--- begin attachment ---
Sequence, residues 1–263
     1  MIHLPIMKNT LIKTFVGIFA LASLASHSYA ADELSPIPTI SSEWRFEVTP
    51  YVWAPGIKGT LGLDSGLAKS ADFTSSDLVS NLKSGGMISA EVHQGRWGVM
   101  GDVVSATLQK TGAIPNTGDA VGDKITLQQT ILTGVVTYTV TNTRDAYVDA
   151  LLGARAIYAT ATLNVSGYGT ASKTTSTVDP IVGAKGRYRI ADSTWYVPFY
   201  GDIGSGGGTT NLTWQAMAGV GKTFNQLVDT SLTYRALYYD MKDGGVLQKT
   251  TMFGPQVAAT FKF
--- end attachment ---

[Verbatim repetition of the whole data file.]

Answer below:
Sequence, residues 1–263
     1  MIHLPIMKNT LIKTFVGIFA LASLASHSYA ADELSPIPTI SSEWRFEVTP
    51  YVWAPGIKGT LGLDSGLAKS ADFTSSDLVS NLKSGGMISA EVHQGRWGVM
   101  GDVVSATLQK TGAIPNTGDA VGDKITLQQT ILTGVVTYTV TNTRDAYVDA
   151  LLGARAIYAT ATLNVSGYGT ASKTTSTVDP IVGAKGRYRI ADSTWYVPFY
   201  GDIGSGGGTT NLTWQAMAGV GKTFNQLVDT SLTYRALYYD MKDGGVLQKT
   251  TMFGPQVAAT FKF